Let’s be real for a moment. As important of a text Decent of Man is, it is one dry read. Seriously, have you tried to sift through the gaudy jargon and period writing tropes with a casual interest? Absolutely not happening without frequent breaks, the occasional nap, and several pots of coffee. Incidentally, I have never had that opinion about hip-hop. In fact, I get wildly interested when I hear a rap song for the first time. Whether it is the crème of the genre or YouTube clip of some 9 year old thinking that 2Chainz is the perfect role model, I’ll listen with the same level intrigue.
Improv is a funny thing. No, literally, improv is a funny thing. It has funny people too. I had the (dis)honour of attending the premiere of The Amazing Improv Race last week. For those unfamiliar, it is a “competition” where three improv pairs show-off their best make-believe to a hysterical audience. The prize – at least on this night – was a six-pack.
While many people might be getting their fix of musicals from movies these days – this year’s edition of the Oscars even celebrated the movie musical – there are many good old fashioned stage shows coming to town. Vancouver’s premiere professional company, the Arts Club, keeps up the quality with their production of Dreamgirls. Dubbed the ‘Motown Musical’ and inspired, in part, by figures such as Berry Gordy, Diana Ross, and James Brown, the show follows the rivalry of two female show singers – Effie White and Deena Jones – their group “the Dreamgirls” and their conniving manager.
On Tuesday, March 5, The Cultch hosted the premier of Conspiracy Theatre’s Extraction, a theatre documentary surrounding oil mining in Alberta and the economic relationship between Canada and China. While the concept of a “theatre documentary” is peculiar and enticing, Extraction defines the genre and is now the standard to which similar performances should be held.
Unfortunately, that bar is now set rather high.
For anybody who is a regular fringe-goer, they have probably seen a show by festival legend TJ Dawe. He’s been touring the country’s summer festival circuit for the last 10 years or so. All his shows are one-man shows that are often comedic and inspired by life’s absurdities. But his new piece, Medicine, is vastly different than any past fringe show.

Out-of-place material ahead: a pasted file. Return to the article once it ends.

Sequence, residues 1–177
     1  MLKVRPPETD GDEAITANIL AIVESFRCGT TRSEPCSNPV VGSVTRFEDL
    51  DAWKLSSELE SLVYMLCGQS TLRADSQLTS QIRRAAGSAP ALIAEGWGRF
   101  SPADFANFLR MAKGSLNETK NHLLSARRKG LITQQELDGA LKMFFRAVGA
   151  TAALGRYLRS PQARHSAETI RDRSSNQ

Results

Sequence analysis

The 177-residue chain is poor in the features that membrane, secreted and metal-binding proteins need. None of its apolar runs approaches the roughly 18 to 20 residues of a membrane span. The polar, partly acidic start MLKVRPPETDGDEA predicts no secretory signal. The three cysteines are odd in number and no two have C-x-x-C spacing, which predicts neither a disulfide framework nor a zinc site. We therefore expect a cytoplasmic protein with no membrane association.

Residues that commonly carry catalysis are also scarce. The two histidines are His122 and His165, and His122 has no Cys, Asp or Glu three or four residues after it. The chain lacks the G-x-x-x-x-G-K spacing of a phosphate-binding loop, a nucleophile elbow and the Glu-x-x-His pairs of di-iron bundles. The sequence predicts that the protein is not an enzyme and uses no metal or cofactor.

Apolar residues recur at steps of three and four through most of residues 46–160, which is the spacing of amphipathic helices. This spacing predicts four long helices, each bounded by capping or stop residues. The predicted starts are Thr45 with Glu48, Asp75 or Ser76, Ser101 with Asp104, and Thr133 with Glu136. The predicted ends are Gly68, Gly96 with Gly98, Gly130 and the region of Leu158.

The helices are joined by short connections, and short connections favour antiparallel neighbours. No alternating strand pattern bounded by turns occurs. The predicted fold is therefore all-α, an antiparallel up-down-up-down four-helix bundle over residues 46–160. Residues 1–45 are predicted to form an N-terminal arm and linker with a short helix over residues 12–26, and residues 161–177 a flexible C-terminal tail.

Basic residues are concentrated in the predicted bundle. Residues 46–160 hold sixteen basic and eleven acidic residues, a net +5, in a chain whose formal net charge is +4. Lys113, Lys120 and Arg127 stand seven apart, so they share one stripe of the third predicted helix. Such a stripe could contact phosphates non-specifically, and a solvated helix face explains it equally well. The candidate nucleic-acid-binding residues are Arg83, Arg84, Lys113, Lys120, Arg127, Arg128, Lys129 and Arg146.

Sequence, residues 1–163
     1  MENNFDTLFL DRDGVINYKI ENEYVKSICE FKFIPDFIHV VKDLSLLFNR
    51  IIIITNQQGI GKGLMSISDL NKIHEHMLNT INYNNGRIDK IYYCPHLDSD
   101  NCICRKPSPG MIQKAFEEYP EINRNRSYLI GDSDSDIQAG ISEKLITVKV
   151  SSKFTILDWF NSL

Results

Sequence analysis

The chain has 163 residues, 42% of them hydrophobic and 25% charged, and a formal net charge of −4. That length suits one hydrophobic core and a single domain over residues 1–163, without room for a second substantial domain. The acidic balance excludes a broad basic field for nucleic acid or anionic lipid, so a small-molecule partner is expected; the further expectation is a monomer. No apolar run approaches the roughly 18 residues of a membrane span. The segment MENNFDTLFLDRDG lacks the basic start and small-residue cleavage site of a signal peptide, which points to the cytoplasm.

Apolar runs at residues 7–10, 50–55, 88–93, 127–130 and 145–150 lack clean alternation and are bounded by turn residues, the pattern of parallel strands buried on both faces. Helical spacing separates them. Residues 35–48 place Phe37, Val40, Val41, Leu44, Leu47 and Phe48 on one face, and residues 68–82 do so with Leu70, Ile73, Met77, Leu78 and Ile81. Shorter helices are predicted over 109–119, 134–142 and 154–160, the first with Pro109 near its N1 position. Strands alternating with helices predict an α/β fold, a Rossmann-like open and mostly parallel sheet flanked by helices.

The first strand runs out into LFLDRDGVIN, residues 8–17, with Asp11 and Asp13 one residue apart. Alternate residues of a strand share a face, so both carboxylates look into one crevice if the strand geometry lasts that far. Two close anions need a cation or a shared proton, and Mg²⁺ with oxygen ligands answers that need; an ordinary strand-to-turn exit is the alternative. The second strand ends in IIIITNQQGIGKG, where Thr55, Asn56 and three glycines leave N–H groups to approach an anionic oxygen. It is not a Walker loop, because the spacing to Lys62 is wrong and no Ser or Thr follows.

It is always when young aspiring thespians start their own theatre company. It can be doubly challenging when the actors are in their senior years. Brand-new acting company FOG Theatre Society pulls it off effortlessly with their rendition of Tom Stoppard’s “Heroes” – running at the PAL Studio Theatre until September 30. Directed by Terence Kelly and starring William Samples, John Innes and Michael Dobbin – all long-time veterans of the Vancouver & Canadian theatre scene – Heroes is a play for the ages (and aged).
I suspect that Astrid and Otto Rot are from another planet. No one is as wickedly funny as uber-talented musicians (and not just any planet; Kepler-22b to be specific.) The newly discovered planet happened to be the subject of their opening number. With Astrid looking like a 24th century Elizabeth 1 and Otto resembling a futuristic hippie, the near sold-out Cultch was quickly turning into a groove fest.
Headlines Theater does a lot of interesting work but it has also been around for a while. The company's latest offering Corporations in Our Heads was a four-night pilot that ran at the W2 Media Cafe from May 24th to 27th. In this forum theater production, on a stage lacking set, props or rehearsed actor-director David Diamond experimented with a new interactive theatrical technique.
To the orchestra, I give you my kudos. The accompaniment was stellar, the bass beautiful and not a note missed. The singing varied (did I mention this is a musical?). At times, a mic or two would have been nice, just to amplify the sound or put less strain on our performers’ voices.
Grey Gardens is a pillar of society, utter chaos, a documentary film, Broadway play, and most recently, a feature.
Fast forward to after the performance. I went home and listen to a bulk of Waits tunes. His voice is raspy, husky and at times, a parody of himself. He is eccentric, eclectic and comedic. He is gospel, and blues, and jazz, and bluegrass and folk. He is strange and yet, a skilled entertainer.